Uncultured 1: What’s On My Cult Radar
HHhH by Laurent Binet
‘HHhH’ is enlightening and occasionally infuriating, but retelling an oft-told story is never easy. Binet’s Prix Goncourt winner concerns the legend of the London-trained parachutists who attempted the assassination of Reinhard Heydrich in Prague, 1942, the events leading to the confrontation, the ambush itself, which played out like an action film, and its horrific consequences at the village of Lidice.
Binet’s approach is to question the veracity of retelling the story by including his self-doubts, so that he breaks the fourth wall to discuss his own struggles in assembling the material, its veracity and the difficulty of ever creating a definitive text. While this is a welcome change from straight historical biography and makes for a chatty, engaging read, it also defuses much of the tension, although the climactic battle in the church is lucid and suspenseful.
There are fuller accounts, certainly, and ones that drive home the appalling tragedy of Czechoslovakia’s suppression, but if Binet’s main intention was to draw in readers and keep them hooked, it succeeds admirably and bodes well for his alternative history novel ‘Civilisations’.
The Space Oracle by Ken Hollings
Hollings is an intellectual space-case who comes across as Adam Curtis on acid (it can be no coincidence that they know each other). ‘Welcome to Mars’ looked at the effect of Cold War technologies on American suburbia in the fifties and has been reissued. In ‘Inferno’ he looked at trash culture, from surfing Nazis to ‘The Love Boat’.
The volume of his I’m currently enjoying is ‘The Space Oracle’, a guide to the stars that doesn’t do what it says at all, but potters through the history of astronomy and lands us, via dung beetles and ‘The Wolf Man’, somewhere on the wrong side of Vegas. Perversely, he starts by renaming all of the star signs to remove our preconceptions, and from there it’s a wild guess as to where his discourses will lead.
I can’t think of anyone else quite like him, and even when his theories and connections make no sense they’re entertaining enough to keep you reading. No wonder Strange Attractor Press, no strangers to the esoteric themselves, keep publishing him.
Watson’s Apology by Beryl Bainbridge
Long before Kate Summerskill was rewriting her excellent true Victorian crime stories, Bainbridge produced this volume (her least known book) about a middle-aged curate, a dowdy penniless spinster and a crime that caused a sensation. What makes it so compelling is its sense of how mysterious and unknowable human nature can be. The book takes place over forty years among Dublin’s shabbily genteel, and captures life on the edge of penury for the protagonists.
As always with the still-underrated Bainbridge, the prose has an inner tension and is so devoid of sentiment that some readers will be made uncomfortable. The air of sadness that always seemed to surround this remarkable author is a perfect match for the mid-Victorian subject matter. She never breaks hearts for effect but through the clear-eyed honesty with which she studies people.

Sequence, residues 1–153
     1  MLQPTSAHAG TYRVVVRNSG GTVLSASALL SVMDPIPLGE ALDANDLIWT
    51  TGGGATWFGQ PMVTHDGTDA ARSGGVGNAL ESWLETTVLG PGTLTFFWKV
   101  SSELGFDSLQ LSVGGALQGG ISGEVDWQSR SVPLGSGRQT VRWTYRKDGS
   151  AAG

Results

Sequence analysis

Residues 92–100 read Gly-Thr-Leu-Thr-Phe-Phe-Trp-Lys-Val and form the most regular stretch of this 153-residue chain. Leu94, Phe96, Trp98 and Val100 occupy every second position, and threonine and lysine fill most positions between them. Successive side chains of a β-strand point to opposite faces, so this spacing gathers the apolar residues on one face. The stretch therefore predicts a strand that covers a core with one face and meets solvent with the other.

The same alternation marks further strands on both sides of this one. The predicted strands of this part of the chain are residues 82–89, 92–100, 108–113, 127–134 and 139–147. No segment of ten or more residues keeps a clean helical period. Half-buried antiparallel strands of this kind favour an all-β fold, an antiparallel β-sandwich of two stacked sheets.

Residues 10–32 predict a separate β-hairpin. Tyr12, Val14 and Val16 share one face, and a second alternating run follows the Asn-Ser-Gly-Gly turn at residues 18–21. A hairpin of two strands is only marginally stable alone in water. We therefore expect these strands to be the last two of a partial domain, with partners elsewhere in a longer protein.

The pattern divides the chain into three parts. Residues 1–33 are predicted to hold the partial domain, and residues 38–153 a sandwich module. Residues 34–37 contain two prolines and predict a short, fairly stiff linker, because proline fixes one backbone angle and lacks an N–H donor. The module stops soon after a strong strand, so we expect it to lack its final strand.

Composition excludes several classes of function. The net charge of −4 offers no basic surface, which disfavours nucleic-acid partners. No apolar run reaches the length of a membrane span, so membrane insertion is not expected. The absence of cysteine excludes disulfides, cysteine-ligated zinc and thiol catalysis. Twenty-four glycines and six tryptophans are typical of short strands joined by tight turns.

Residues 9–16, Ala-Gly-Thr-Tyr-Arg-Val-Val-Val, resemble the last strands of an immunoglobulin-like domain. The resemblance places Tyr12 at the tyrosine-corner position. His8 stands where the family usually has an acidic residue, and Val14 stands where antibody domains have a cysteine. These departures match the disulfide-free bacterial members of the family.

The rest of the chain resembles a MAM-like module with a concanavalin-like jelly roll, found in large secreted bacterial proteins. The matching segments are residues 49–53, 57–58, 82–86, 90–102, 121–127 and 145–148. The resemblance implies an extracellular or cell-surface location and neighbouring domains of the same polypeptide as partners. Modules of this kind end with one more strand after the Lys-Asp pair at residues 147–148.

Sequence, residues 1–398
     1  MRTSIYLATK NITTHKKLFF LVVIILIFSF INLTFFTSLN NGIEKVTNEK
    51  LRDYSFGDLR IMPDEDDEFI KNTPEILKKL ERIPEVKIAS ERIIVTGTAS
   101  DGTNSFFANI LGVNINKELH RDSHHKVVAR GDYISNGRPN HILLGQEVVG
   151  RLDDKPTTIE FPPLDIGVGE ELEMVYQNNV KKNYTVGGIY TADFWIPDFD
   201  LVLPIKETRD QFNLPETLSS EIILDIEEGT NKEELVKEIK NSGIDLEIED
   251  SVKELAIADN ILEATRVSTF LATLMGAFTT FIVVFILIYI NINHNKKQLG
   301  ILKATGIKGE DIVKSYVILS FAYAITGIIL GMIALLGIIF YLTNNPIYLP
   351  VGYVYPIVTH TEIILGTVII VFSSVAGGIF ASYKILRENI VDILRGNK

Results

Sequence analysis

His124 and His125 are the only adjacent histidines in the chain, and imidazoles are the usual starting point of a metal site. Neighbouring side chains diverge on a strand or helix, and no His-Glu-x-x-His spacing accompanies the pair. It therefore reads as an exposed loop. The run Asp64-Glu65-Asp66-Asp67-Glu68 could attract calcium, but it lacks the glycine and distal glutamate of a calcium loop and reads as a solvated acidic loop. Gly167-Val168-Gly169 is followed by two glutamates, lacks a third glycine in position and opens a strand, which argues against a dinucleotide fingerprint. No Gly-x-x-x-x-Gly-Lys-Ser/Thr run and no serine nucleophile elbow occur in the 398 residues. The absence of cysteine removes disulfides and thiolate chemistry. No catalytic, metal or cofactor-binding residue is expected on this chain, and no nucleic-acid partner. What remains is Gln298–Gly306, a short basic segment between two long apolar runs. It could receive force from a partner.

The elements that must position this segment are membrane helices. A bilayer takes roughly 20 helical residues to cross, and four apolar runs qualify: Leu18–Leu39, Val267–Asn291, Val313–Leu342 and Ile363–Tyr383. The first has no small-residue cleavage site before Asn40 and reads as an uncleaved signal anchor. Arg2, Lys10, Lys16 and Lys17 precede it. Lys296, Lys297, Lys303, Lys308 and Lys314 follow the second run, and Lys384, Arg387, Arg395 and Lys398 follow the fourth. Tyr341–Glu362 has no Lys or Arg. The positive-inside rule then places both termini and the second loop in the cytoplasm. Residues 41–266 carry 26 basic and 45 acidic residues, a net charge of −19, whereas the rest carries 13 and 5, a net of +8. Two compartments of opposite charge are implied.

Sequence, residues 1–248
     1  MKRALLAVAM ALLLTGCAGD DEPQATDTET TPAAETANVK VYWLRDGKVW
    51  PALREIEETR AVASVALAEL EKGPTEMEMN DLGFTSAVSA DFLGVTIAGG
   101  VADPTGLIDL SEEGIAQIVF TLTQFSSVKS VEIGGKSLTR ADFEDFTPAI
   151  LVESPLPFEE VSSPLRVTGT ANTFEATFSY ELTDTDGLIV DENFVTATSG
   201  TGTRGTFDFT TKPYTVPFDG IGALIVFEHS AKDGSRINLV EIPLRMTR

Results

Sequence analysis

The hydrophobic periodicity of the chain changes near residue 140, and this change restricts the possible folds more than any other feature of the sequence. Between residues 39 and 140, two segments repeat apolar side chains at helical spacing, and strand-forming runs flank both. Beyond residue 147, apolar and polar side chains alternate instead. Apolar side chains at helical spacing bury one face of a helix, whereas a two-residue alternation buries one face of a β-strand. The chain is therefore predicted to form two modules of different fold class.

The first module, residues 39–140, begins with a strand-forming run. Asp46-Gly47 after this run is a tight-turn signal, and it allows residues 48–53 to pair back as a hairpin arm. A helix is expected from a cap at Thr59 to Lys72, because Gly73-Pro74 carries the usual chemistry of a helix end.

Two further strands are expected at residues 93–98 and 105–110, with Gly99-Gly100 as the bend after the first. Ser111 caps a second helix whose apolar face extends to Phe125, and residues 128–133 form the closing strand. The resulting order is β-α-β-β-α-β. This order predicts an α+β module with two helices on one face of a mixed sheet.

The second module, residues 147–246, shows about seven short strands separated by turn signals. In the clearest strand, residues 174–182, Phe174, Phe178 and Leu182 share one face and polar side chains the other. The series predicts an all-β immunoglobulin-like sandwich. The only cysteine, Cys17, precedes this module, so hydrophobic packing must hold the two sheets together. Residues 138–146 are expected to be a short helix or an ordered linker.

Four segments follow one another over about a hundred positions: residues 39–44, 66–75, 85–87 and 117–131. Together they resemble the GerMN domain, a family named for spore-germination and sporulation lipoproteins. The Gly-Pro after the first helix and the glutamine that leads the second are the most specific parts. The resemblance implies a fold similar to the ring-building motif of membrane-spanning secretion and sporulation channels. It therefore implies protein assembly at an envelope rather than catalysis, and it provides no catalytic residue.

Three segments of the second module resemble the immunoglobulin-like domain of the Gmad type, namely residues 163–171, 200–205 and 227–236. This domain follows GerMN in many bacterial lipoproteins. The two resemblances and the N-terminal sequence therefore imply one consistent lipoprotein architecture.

The Films of Mads Mikkelsen
Variety, ever the blunt voice of PT Barnum, called the Danish actor ‘a reliable character actor with an intriguing mug’. But lockdown has forced upon us an examination of things we took for granted before, and one of them, it seems, is Mads.
In the Oscar-winner ‘Another Round’, four failing teachers conduct an experiment with alcohol in a bittersweet comedy that utilises Mads’ past career as a ballet dancer at its climax. I realised I’d been following this intense actor’s films for years because his choices hardly ever let you down. I first saw him in Nicholas Winding Refn’s sweat-inducing ‘Pusher’ trilogy, then as a vicar teaching a Neo-Nazi to bake pies in ‘Adam’s Apple’ and in the true story of Danish resistance fighters, ‘Flame and Citron’. But it was by playing a wrongly accused teacher in ‘The Hunt’ that lifted his career further, when he won Best Actor at Cannes.
By this time Mads was popping up all over the place, in a Hannibal Lector TV series, as the villain in ‘Casino Royal’ and in one of the best Star Wars films, ‘Rogue One’. But he also appeared with regulars who played misfits, in ‘Men and Hens’, a film described as ‘The Texas Chainsaw Massacre’ meets ‘The Three Stooges’, in which Mads finds he’s one of four cloned brothers, and in the brilliant ‘Riders of Justice’. In this 2021 film a group of argumentative data geeks set out to prove that murder has been committed. It says a lot that in Europe it’s regarded as a comedy but in the US it’s a drama.
The Velvet Mafia by Daryl W Bullock
In the 50s and 60s, in the build-up to Wolfenden’s report on the decriminalisation of homosexuality, a group of powerful gay men found themselves reinventing pop culture in London. They included the Beatles manager Brian Epstein, the Bee Gees manager Robert Stigwood, record producers, songwriters and directors.
More than simply showing how they rose to fame, the author sets events in the context of changing society in London and shows how people in power were forced to negotiate their way through a minefield of sexual politics, manipulating public images to accord with changing tastes.
When Wolfenden was developing his report, the government was so concerned that the secretaries typing it up might be corrupted that they adopted code words to replace ‘homosexual’ and ‘prostitute’ with ‘Huntley’ and ‘Palmers’, because Wolfenden had grown up near the Huntley & Palmers biscuit factory – how very English.